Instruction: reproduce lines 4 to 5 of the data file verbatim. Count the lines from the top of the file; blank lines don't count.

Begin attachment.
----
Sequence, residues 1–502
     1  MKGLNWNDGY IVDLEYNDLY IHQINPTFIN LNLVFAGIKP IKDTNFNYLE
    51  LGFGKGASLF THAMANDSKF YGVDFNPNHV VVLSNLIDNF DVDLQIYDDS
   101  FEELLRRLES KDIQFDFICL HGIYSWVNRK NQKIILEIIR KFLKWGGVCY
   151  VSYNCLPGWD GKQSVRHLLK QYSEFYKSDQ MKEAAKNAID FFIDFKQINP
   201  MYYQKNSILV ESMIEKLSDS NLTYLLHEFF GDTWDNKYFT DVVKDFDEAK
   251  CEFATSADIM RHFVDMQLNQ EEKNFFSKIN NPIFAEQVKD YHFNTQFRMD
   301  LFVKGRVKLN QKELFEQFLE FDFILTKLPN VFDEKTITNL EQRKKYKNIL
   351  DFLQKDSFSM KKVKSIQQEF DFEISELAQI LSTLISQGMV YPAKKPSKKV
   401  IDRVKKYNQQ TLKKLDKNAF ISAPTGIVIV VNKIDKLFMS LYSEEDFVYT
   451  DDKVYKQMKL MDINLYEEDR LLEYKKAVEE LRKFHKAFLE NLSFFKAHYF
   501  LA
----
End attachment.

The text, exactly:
   101  FEELLRRLES KDIQFDFICL HGIYSWVNRK NQKIILEIIR KFLKWGGVCY
   151  VSYNCLPGWD GKQSVRHLLK QYSEFYKSDQ MKEAAKNAID FFIDFKQINP